Sen. Rob Olson, R-Olathe, defended amendments to a bill Tuesday he called a good compromise between stakeholders on how to address the state’s distressed unemployment system. (Noah Taborda/Kansas Reflector)
TOPEKA — The Kansas Senate gave initial approval Tuesday to a bill aimed at overhauling the state’s maligned and outdated unemployment system.
The legislation would establish a panel to oversee and recommend changes to the unemployment insurance system and the applicant claim process. Completion of these upgrades would be required by the end of 2022. It would also ensure employers are not held liable for any unemployment claims filed in the business’ name.
Employers who have paid for these claims since March 15, 2020, are to be refunded through the unemployment insurance trust fund. Funds from the UI trust fund will be reimbursed through federal funds coming into the state.
The bill was praised by ranking members of both sides of the aisle for ironing out concerning elements included in the version passed by the House 87-36. Sen. Rob Olson, R-Olathe, said the measure may not be perfect, but it was a compromise consisting of much-needed updates to a failing system.
“We tried to put a really good product together that’s going to address modernizing this system and also make it the best for everybody involved,” Olson said. “Once we get done here, we’ll probably have to clean it up just a little bit more, but we’re about there.”
Since the onset of the pandemic, the Kansas Department of Labor has been flooded with a historic number of unemployment claims and is now struggling to resolve a growing number of fraudulent claims. The legislation debated in the Senate would seek to address some of these issues before they can occur again.
The Senate will take a final vote on the measure Wednesday. Olson noted the bill would likely be subject to a conference committee when both chambers can come together to settle differences in their respective plans to address the crisis.
Among the changes made was a reduced ban for those accused of defrauding the state unemployment system. Previously, the ban ran for five years, the nation’s toughest penalty for fraudsters and unwitting mistakes, but under the Senate bill, the ban for a first offense would be reduced to one year.
This will likely be a point of discussion when the two chambers get together as a House provision places the ban at two years.
“When that bill came over to the Senate, there were six or seven major issues hanging out,” said Sen. Tom Holland, D-Baldwin City. “(Olson) did good work in bringing those stakeholders together and crafting out language that those stakeholders can take heart in a good product here.”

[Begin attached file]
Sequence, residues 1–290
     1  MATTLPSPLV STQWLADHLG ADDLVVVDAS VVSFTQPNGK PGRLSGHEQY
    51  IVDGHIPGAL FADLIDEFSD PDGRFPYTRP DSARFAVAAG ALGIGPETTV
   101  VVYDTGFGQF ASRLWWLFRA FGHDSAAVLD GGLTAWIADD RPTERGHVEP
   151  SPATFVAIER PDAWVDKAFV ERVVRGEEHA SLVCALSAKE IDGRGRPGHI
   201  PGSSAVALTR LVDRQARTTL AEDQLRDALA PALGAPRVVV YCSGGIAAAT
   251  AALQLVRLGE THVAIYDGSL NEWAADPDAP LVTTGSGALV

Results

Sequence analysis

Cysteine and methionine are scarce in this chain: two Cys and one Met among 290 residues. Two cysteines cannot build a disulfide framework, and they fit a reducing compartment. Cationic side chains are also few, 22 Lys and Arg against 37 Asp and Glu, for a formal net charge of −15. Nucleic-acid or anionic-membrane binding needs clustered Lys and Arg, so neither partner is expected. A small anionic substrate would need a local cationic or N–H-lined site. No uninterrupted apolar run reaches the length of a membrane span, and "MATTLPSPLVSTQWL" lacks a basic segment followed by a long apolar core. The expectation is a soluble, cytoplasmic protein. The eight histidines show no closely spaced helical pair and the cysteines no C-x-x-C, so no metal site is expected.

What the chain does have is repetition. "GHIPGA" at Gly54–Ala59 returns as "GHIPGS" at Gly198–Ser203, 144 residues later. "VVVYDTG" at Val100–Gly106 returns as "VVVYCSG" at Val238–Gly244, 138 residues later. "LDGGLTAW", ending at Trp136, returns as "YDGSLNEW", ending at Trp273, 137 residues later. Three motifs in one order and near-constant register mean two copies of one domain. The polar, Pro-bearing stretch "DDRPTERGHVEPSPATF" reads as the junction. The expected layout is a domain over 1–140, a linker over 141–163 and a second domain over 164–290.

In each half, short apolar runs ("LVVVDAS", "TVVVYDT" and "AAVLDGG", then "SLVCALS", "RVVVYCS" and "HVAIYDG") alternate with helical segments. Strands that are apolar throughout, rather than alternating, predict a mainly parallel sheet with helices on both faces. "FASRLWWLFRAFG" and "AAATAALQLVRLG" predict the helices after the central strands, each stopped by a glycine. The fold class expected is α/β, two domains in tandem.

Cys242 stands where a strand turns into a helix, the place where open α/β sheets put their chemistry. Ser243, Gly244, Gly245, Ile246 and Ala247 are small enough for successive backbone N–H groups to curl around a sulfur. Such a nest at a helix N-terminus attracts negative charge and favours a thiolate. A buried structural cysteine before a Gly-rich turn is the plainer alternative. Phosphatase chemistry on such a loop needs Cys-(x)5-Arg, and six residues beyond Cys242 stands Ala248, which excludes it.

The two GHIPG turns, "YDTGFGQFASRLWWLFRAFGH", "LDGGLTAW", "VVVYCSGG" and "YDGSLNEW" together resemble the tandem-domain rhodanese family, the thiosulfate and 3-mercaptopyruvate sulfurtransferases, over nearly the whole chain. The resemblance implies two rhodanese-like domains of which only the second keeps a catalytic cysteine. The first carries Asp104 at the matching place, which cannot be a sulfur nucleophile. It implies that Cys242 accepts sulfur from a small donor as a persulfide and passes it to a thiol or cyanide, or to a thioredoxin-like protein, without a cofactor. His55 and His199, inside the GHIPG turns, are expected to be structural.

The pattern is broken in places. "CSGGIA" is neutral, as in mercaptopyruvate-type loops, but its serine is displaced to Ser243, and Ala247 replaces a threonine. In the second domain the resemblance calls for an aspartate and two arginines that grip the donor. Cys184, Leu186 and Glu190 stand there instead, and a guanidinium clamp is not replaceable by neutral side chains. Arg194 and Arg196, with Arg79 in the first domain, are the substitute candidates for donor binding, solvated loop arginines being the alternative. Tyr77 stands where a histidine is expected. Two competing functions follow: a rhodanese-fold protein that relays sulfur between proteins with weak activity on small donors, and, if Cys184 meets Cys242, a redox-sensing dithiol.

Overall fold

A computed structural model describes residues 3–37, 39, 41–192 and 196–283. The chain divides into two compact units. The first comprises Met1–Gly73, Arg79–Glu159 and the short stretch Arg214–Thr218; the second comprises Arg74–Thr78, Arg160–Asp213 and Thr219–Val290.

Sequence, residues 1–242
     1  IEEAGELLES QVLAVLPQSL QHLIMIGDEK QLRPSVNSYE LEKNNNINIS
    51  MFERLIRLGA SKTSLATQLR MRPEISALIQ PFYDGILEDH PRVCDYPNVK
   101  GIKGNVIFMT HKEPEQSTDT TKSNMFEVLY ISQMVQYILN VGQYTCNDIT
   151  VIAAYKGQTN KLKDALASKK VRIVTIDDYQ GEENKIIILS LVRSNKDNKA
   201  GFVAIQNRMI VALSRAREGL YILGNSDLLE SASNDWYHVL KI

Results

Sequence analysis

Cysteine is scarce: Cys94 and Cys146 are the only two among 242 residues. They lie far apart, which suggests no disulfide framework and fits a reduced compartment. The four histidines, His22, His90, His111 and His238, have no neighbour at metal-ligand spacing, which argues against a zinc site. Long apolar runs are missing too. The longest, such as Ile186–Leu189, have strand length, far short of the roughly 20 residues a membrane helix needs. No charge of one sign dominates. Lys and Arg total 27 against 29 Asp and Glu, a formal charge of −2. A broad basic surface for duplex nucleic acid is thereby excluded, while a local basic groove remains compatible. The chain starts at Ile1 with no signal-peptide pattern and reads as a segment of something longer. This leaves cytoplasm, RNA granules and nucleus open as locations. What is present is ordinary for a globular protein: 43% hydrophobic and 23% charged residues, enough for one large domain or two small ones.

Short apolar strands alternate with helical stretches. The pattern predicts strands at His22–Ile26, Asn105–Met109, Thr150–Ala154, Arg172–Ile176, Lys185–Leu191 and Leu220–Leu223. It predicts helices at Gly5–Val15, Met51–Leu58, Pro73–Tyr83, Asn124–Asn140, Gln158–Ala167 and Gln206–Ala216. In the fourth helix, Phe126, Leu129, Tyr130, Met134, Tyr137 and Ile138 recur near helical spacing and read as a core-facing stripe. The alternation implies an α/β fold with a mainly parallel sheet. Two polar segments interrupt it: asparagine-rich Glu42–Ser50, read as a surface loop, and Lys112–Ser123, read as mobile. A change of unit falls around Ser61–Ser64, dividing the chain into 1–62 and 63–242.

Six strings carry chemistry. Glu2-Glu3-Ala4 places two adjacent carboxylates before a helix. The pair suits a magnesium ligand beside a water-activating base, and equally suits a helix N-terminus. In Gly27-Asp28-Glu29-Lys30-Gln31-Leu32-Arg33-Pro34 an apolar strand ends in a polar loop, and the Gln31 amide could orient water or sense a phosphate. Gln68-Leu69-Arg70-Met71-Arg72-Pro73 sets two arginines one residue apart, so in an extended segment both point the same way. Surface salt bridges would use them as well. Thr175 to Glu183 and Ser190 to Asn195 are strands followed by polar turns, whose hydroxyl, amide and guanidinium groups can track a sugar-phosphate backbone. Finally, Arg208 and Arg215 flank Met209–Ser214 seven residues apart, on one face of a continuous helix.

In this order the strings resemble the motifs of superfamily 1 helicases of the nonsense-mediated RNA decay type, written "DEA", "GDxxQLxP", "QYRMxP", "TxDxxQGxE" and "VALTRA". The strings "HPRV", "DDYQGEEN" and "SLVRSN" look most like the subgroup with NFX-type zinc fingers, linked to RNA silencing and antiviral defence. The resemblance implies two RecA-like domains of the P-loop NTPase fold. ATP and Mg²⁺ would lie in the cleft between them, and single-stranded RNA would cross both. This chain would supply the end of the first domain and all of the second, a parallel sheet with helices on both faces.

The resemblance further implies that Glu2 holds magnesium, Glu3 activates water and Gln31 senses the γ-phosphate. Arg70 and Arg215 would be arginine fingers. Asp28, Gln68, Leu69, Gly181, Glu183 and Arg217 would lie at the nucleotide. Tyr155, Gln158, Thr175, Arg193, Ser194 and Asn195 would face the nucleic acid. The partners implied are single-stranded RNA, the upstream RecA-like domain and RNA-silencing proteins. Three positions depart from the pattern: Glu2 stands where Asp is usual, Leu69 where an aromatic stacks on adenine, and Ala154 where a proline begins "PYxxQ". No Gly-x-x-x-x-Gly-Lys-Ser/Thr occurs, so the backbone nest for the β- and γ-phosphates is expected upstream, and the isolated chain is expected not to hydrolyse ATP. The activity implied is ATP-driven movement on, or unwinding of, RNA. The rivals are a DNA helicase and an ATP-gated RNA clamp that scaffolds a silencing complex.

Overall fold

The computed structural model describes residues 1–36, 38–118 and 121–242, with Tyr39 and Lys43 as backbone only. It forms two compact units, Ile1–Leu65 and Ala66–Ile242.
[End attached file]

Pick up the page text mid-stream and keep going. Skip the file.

Some modifications made to the bill in the Senate Commerce Committee were undone on the floor by Olson, chairman of that panel. He said these changes were made after negotiations with many stakeholders, but several Republican committee members expressed dismay their work was being neglected.
“I thought, well, the chairman’s disregarding what the committee wishes, even though it’s going to slow the project down. I thought hopefully they can deal with it in the conference committee,” said Sen. Caryn Tyson, R-Parker. “We’re the ones in the room. We are the ones sitting at the table. I don’t know who the chairman is referring to about backdoor meetings — closed, behind-the-scenes negotiations. I don’t support those efforts.”
Reducing the initial transfer of federal funds to the unemployment insurance trust fund from $400 million to $250 million initially with subsequent payment of $250 million was among those amendments offered by Olson and approved by the Senate. The amendment was offered to account for federal funds arriving in two separate payments, as well as ensure the Legislature was not overspending to cover fraudulent claims, Olson said.
The Kansas Department of Labor estimated total fraud at close to $300 million and the Legislative Division of Post Audit provided a preliminary estimate of $600 million.
Holland again backed up Olson’s decision to spread out these payments. He said once the payment is made, they cannot get the money back and so should take caution before throwing money blindly at the issue.
Holland also backed an amendment made by Sen. Mark Steffen, R-Hutchinson, creating a harsher felony penalty for those engaging in high-level fraud. Steffen said this would send a strong message to those preying on Kansans.
Steffen’s amendment passed without much debate, although Sen. Jeff Pittman, D-Leavenworth, urged the body to carefully consider creating a new penalty without knowing the full scope of what it would do.
An amendment offered by Senate Minority Leader Dinah Sykes, D-Lenexa, would have extended unemployment benefits Kansans may receive to 26 weeks instead of tying benefits to the state unemployment rate.
Kansans who had lost their jobs could collect unemployment for 26 weeks until 2013, when Gov. Sam Brownback reduced the aid to 16 weeks. Last spring, lawmakers temporarily extended it back to 26 weeks. Under the Senate bill, Kansans could continue to collect unemployment for up to 26 weeks until September, before defaulting back to 16 weeks if the unemployment rate is less than 5%.
“We’ve heard a lot about businesses, and let’s protect those, but I am not hearing about how you protect the people who have been hurt and have lost their jobs,” Sykes said.
Republican Senators did not see the value in extending this lifeline and strongly opposed the amendment. Olson said there are 60,000 job openings in Kansas and that it is time to get people back to work and into those openings.
“There are job openings everywhere,” said Sen. Jeff Longbine, R-Emporia. “Every employer that I talked to is trying to find people who will come to work, so I don’t think the 26 weeks is needed. I think it’s a strain on employers.”
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